Gases which increase likelihood of life on other planets listed by scientists

Scientists have listed the molecules that are present in gases which they believe would be found on other planets with life as we know it. This forms part of a new approach aimed at maximizing the chances of finding exoplanets orbiting nearby stars that support life.

Telescopes could remotely detect biosignature gases emitted by exoplanetary life forms. An exoplanet is a planet outside our Solar Systems (they are often referred to as simply ‘planets’).

Biosignature gases may be different elsewhere

Scientists from MIT in the USA and the Rufus Scientific Ltd. in England explained in the journal Astrobiology (citation below) that these gases could well have very different compositions in other planets from those in our atmosphere.

Gases for life in other planetsIllustration of the functional approach to creating the list for all small, stable, volatile compounds, for molecules with N ≤ 6 non-H atoms. (Image: Astrobiology)

MIT’s department of Earth, Atmospheric and Planetary Sciences wrote on its website:

“Although a few biosignature gases are prominent in Earth’s atmospheric spectrum (familiar among them O2, CH4, N2O), life on Earth is known to produce thousands of different molecules and scientists theorize that some may be able to accumulate at similar or higher levels on exo-Earths (e.g., dimethyl sulfide and CH3Cl) depending on the exo-Earth ecology and surface and atmospheric chemistry.”

The authors propose that all stable and potential volatile molecules should be considered as possible biosignature gases.

They say they have laid the groundwork for detecting such gases by carrying out a massive search for molecules with six or fewer non-hydrogen atoms.

S. Seager, J.J. Petkowski and W. Bains from MIT and Rufus Scientific Ltd. believe this exhaustive list of small molecules may help improve our understanding of the limits of the biochemistry of Earth.

Comparison of molecules produced by lifeComparison of molecules produced by life forms as found in published databases and found by a manual literature search. For CNOPSH compounds  (C – carbon, N – nitrogen, O – oxygen, P – phosphorus, S – sulfur, and H – hydrogen) only. (Image: Astrobiology)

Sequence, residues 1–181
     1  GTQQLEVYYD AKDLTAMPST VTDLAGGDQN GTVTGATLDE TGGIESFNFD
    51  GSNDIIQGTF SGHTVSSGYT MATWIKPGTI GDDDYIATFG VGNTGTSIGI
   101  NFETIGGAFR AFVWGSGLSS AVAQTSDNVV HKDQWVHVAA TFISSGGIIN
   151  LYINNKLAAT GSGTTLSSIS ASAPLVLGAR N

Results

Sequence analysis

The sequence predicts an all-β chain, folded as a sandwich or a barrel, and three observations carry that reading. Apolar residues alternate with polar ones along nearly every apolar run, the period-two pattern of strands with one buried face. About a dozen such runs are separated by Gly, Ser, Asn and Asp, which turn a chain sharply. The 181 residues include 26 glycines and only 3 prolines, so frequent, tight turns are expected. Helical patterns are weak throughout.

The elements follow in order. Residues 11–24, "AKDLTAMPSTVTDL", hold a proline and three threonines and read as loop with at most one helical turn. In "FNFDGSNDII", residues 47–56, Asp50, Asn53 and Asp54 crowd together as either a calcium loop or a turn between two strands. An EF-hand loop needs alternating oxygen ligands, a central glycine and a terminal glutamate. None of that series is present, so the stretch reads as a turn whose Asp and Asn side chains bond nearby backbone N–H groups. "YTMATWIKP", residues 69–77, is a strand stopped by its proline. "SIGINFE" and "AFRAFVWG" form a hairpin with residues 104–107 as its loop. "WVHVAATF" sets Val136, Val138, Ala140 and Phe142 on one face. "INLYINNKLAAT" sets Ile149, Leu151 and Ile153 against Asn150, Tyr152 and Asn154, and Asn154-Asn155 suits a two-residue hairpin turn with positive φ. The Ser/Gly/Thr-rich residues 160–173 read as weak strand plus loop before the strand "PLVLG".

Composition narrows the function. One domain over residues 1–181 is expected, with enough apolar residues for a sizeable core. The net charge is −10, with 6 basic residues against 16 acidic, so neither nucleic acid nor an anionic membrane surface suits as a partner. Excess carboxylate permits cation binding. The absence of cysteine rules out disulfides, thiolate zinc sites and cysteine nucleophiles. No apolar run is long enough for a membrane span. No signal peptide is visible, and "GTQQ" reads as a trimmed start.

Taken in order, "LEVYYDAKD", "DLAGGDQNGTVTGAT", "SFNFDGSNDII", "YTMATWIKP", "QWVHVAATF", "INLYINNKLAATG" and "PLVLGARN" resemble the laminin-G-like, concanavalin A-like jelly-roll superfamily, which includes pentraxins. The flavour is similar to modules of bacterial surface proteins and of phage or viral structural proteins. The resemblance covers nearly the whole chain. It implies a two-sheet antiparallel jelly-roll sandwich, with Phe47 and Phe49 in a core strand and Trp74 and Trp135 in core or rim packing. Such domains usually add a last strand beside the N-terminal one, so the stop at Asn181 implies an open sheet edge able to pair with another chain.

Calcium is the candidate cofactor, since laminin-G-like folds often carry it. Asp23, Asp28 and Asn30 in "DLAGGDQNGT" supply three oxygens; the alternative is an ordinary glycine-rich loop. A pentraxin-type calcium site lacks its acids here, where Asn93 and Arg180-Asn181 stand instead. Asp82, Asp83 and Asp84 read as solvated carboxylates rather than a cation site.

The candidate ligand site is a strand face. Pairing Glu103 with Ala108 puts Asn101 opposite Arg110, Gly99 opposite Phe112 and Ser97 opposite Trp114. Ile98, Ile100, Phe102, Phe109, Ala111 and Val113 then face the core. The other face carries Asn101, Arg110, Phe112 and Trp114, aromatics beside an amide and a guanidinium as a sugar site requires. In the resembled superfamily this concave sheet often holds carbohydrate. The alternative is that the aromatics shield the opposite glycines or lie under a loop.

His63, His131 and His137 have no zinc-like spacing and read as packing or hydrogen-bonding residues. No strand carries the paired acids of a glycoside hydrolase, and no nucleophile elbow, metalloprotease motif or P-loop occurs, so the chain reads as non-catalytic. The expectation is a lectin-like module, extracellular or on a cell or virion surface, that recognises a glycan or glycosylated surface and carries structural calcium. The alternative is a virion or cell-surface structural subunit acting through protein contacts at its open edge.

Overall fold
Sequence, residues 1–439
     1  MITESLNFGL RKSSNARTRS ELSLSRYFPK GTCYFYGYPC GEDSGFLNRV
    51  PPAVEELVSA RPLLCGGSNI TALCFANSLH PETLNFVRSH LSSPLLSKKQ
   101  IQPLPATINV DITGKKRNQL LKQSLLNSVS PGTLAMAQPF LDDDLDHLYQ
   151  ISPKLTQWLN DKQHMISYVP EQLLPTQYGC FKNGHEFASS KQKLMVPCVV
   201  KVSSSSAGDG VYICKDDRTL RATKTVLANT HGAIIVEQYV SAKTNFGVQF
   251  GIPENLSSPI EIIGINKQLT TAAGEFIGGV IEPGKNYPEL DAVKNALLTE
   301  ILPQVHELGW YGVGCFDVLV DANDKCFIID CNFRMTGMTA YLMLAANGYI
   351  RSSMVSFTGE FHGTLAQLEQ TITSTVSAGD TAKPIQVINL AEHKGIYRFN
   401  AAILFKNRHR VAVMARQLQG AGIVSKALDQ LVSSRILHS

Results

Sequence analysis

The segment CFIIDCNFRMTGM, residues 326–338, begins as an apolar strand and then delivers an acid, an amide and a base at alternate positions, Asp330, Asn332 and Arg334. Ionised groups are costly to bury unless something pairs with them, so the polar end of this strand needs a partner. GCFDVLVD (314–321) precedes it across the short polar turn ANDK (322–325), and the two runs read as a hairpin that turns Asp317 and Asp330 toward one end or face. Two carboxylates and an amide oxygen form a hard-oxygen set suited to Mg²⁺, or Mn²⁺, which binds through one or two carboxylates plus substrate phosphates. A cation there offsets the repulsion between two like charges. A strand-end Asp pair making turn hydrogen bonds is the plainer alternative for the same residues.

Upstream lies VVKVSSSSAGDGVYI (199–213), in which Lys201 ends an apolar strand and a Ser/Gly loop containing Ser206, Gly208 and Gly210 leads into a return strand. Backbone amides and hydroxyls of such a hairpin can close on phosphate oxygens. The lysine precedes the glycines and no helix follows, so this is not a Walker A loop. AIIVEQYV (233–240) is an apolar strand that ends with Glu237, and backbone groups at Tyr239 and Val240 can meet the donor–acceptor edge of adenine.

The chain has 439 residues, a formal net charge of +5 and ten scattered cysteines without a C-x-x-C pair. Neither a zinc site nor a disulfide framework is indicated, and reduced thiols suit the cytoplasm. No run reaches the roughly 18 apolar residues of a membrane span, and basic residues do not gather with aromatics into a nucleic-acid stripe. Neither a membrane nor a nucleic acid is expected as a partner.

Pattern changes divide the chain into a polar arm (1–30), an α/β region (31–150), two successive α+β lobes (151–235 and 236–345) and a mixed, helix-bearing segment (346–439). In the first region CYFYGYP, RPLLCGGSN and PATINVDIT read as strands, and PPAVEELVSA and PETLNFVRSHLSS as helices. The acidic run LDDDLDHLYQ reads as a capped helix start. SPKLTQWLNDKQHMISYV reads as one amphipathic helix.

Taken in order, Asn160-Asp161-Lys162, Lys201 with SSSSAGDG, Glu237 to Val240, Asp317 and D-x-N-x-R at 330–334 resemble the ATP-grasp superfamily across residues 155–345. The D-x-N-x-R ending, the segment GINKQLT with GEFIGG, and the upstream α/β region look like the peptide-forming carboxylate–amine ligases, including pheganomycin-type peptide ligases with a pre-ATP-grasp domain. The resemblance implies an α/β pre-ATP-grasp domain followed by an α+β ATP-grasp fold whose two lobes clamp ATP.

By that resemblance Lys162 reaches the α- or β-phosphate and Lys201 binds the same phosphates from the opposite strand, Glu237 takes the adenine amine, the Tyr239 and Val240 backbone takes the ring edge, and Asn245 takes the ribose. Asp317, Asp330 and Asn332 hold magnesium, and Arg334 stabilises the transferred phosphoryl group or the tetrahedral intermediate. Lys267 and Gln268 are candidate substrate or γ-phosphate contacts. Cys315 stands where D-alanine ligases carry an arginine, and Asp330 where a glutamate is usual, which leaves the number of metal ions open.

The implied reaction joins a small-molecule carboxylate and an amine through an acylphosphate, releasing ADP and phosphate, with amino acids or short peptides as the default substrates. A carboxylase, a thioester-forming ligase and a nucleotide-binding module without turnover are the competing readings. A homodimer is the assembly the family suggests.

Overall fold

Nancy Y. Kiang, PhD, Senior Editor of Astrobiology and a scientist at NASA’s Goddard Institute for Space Studies, said regarding this work:

“This work reminds me of Darwin’s voyage aboard The Beagle, exploring the vast diversity of life by sailing around the world. In the search for life beyond our planet, we are currently at a similarly exciting, early but rapidly evolving stage of exploration as the discovery of exoplanets accelerates.”

“Instead of netting strange creatures from the bottom of the sea, the authors here have searched and found thousands of curious, potentially biogenic gas molecules. These will inspire a new body of research into identifying also larger molecules, investigating their origin and fate here, and their potential expression on exoplanets as signs of life.”

In an Abstract in the journal, the authors wrote:

“The list can be used to study classes of chemicals that might be potential biosignature gases, considering their accumulation and possible false positives on exoplanets with atmospheres and surface environments different from Earth’s.”

“The list can also be used for terrestrial biochemistry applications, some examples of which are provided. We provide an online community usage database to serve as a registry for volatile molecules including biogenic compounds.”

Citation: Toward a List of Molecules as Potential Biosignature Gases for the Search for Life on Exoplanets and Applications to Terrestrial Biochemistry,” Seager S., Bains W., and Petkowski J.J. Astrobiology. April 2016, ahead of print. DOI:10.1089/ast.2015.1404.